Reflections on the Recount

On Friday afternoon, Christine Jones conceded the Republican primary election in Arizona Congressional District 5 to Arizona Senate President Andy Biggs. (Statecraft served as lead counsel for Biggs’s campaign throughout the election and recount.)  Biggs initially led by just 9 votes–and Jones conceded and agreed to dismiss her pending lawsuits once Biggs’s lead grew to 27 votes.  This concluded the most remarkable (and litigious) congressional primary in Arizona history.

The recount and related lawsuits illustrate several points about Arizona election law:

  1. Arizona has a very late primary.  Relative to other states, Arizona has a very late primary election–leaving only three weeks between the primary election and the deadline for printing military and overseas (UOCAVA) ballots for the general election.  And because election officials don’t finish counting ballots for several days after a primary, the underdog then has roughly two weeks in which to complete a recount and an election contest.  That is an extraordinarily difficult task, and such compressed timelines stack the deck heavily in favor of the leading candidate.
  1.  The Ballot-Counting Machines Are Imperfect. Arizona has seen several large scale recounts in the last three election cycles (McSally-Barber in 2014, Robinson-Weisser in 2012, and Prop. 112 in 2010).  Those recounts seemed to show that our ballot-counting machines had infinitesimally small margins of error (only 0.0004% in the largest of those three recounts).  This recount demonstrated otherwise.  As a result of the machine recount in this race, Biggs’s lead grew by 11 votes out of 86,000–which is still small, but much more sobering at 0.01%.  And for races decided by this margin, Arizona law does not provide a satisfactory process to ensure that the machines “get it right.”  We ultimately didn’t need to cross that bridge in the Biggs-Jones recount because our margin of victory was somewhat beyond the (greater than expected) margin of error, but you would have to pity any campaign attorney finding him/herself in that position.
  1.  Maricopa County Elections Are Exceptionally Well Run. Helen Purcell, the Maricopa County Recorder, has endured a great deal of criticism since the 2016 Presidential Preference Election.  Some of this is fair; the PPE was obviously not her finest hour.  But on the whole, Maricopa County is exemplary in its handling of election matters.  If you doubt this, ask to tour their facility at Third Avenue and Lincoln and ask the most difficult questions you can muster.  You will find that they have very good processes in place, and the office is run by experienced and well trained staff.  With the notable exception of the 2016 PPE, their expertise and performance rivals anything you could find in the private sector.  Most of the criticisms have been unfair.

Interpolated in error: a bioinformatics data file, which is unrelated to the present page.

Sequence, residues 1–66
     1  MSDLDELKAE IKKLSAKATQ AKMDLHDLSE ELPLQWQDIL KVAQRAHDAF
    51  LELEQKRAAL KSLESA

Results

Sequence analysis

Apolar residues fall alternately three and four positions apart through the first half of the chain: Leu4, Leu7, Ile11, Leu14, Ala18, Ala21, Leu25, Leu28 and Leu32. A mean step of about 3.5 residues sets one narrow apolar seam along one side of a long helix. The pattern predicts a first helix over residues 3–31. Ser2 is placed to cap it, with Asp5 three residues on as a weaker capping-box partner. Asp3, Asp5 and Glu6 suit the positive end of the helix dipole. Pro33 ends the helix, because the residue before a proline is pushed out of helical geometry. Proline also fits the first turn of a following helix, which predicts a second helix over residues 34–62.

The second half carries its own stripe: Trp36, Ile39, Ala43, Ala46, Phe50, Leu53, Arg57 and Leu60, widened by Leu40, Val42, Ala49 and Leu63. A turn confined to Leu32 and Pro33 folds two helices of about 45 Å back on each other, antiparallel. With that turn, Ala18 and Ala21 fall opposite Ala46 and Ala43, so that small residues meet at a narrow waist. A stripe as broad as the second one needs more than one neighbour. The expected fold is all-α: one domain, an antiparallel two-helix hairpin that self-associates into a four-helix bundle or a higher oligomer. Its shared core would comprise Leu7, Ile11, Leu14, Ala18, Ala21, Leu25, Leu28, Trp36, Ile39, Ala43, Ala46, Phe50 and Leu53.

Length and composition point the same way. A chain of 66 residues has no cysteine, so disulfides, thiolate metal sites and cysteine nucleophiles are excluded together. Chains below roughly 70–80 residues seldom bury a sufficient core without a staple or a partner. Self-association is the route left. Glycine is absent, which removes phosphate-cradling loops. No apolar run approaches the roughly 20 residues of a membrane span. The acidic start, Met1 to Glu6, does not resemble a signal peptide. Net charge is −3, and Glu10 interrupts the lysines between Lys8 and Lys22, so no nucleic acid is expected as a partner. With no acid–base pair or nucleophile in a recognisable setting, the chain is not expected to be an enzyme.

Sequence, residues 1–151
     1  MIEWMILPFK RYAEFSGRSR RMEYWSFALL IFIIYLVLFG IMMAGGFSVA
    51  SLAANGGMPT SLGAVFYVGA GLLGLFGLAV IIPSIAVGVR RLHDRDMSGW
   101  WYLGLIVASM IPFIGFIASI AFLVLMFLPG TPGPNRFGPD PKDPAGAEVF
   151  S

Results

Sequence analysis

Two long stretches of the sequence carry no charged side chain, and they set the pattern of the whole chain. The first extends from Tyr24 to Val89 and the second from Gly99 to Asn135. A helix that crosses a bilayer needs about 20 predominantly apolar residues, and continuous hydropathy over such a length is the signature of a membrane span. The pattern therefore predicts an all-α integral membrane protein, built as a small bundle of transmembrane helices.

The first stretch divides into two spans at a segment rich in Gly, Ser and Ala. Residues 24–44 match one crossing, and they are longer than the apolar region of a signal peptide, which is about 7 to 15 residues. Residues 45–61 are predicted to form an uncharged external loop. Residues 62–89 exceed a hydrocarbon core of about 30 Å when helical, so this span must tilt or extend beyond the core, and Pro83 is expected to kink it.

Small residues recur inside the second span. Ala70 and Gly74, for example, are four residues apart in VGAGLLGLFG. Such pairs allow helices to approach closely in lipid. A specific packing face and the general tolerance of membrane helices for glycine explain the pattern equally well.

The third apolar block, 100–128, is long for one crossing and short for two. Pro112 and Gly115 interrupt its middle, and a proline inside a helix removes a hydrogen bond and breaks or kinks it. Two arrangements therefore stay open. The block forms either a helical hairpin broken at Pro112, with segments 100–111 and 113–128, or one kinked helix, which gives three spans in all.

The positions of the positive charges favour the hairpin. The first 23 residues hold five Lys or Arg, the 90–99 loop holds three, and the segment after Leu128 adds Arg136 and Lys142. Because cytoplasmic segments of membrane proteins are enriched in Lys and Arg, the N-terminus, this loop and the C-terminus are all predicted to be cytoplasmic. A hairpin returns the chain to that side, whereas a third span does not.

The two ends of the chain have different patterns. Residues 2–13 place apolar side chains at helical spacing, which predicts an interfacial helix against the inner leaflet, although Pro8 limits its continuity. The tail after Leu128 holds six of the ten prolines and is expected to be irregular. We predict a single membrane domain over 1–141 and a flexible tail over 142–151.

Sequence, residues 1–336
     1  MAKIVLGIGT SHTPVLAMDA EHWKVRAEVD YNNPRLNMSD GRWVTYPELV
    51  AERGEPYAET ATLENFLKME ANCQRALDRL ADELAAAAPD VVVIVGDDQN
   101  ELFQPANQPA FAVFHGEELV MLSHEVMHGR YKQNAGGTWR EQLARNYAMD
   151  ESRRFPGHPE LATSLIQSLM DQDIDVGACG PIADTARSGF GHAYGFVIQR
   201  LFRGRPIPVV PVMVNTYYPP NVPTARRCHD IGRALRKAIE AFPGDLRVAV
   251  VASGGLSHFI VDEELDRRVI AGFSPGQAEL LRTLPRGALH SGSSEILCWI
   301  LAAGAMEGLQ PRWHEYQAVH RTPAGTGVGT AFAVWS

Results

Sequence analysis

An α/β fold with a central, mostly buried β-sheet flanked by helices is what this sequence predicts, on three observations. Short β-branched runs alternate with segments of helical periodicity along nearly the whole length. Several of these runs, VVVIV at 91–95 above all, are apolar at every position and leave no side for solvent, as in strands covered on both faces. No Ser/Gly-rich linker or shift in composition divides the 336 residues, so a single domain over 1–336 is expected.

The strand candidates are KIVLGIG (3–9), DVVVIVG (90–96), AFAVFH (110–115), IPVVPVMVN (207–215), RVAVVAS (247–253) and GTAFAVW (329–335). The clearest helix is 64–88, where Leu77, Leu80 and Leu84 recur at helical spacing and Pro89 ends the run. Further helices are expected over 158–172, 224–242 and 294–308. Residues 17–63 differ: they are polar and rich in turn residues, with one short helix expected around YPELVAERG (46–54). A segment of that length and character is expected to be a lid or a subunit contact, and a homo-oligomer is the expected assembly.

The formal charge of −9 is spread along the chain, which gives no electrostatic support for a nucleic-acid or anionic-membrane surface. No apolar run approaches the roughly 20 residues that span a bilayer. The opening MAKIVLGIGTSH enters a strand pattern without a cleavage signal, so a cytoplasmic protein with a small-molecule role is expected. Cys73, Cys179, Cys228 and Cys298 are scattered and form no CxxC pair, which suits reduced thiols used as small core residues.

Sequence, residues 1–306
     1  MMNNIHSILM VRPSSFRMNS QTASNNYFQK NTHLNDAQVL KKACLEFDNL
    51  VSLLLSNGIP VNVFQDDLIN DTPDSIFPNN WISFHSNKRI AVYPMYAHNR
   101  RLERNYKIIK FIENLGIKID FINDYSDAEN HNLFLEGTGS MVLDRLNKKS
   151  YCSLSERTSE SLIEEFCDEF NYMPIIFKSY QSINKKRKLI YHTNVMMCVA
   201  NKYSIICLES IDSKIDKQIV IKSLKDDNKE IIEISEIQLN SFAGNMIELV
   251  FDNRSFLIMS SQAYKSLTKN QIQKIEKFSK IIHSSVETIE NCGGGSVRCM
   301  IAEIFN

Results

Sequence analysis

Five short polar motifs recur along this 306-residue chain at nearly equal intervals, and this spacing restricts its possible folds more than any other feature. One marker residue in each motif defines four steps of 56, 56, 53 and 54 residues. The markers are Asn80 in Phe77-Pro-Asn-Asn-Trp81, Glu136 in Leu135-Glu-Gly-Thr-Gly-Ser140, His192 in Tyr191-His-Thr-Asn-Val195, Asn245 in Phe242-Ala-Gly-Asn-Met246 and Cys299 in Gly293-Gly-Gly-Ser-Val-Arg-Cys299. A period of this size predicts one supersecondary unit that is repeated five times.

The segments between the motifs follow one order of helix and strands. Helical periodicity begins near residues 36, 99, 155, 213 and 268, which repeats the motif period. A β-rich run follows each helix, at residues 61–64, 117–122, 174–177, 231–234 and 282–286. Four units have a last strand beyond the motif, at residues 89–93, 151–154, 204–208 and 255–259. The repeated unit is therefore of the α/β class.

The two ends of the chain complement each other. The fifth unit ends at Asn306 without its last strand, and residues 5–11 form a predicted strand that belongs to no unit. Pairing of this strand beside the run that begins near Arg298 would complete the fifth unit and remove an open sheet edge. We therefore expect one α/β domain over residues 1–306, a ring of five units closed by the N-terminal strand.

1.  Elections Are Binary and Zero Sum. One final observation that is not specific to Arizona, but is common to election law everywhere: Elections are binary and zero sum; one side wins it all, and everyone else loses completely.  Nobody “almost” wins or loses; you win or you lose.  You can’t “settle” a recount lawsuit or share a place in the winner’s circle.  (This gives rise to the oldest joke among election lawyers: “What do you call the guy who won the recount by one vote?  ‘Congressman.'”  Yuck, yuck, yuck.)  This unavoidably makes recounts intensely competitive and adversarial–and fundamentally unlike lobbying, where compromise and negotiation are part of the craft.

Finally, warmest congratulations to our friend Andy Biggs on his win.  It was been a pleasure to design and execute his campaign’s legal strategy–and we look forward to seeing him serve the East Valley in Congress for many, many years.

AZ Ballot Measures Survive

Today the trial court issued rulings in two ballot access lawsuits, both concerning citizen initiatives (recreational marijuana, in which Statecraft defended the ballot measure committee, and minimum wage). Both rulings were in favor of the initiative committees and allow the initiatives to be printed on the November ballot.

The rulings are the latest data points in a broader pattern in ballot access litigation: judges tend to lean marginally in favor of ballot access, and close calls tend to go for the proponents of ballot access. (Indeed, it appears that no published judicial decision in Arizona has removed an initiative from the ballot in more than 15 years based on defects in the form or contents of the petitions.) And although both of today’s decisions concern initiatives, this trend can be seen in candidate and referendum ballot access cases as well. In light of this trend, opponents of ballot access are wise to make sure their arguments and evidence are well organized, not attenuated or inferential, and clearly presented. Arizona judges will certainly remove candidates and ballot measures from the ballot when appropriate; they just won’t do it unless deficiencies are clearly proven.

The reason for this trend is difficult to surmise. It may be that trial judges are concerned about reversal in the appellate courts, or that they are comfortable punting “close calls” to voters and political processes. But whatever the causes, the trend is difficult to deny.

Court watchers should of course remain skeptical of any overt or unspoken judicial favoritism or bias, whether in favor of the government (a favorite point of criticism amongst private attorneys who litigate against government officials and agencies) or ballot access proponents; neutral and evenhanded application of the law is always best. But litigants are wise to enter the courtroom with eyes wide open as to the realities of judicial decision making in ballot access cases.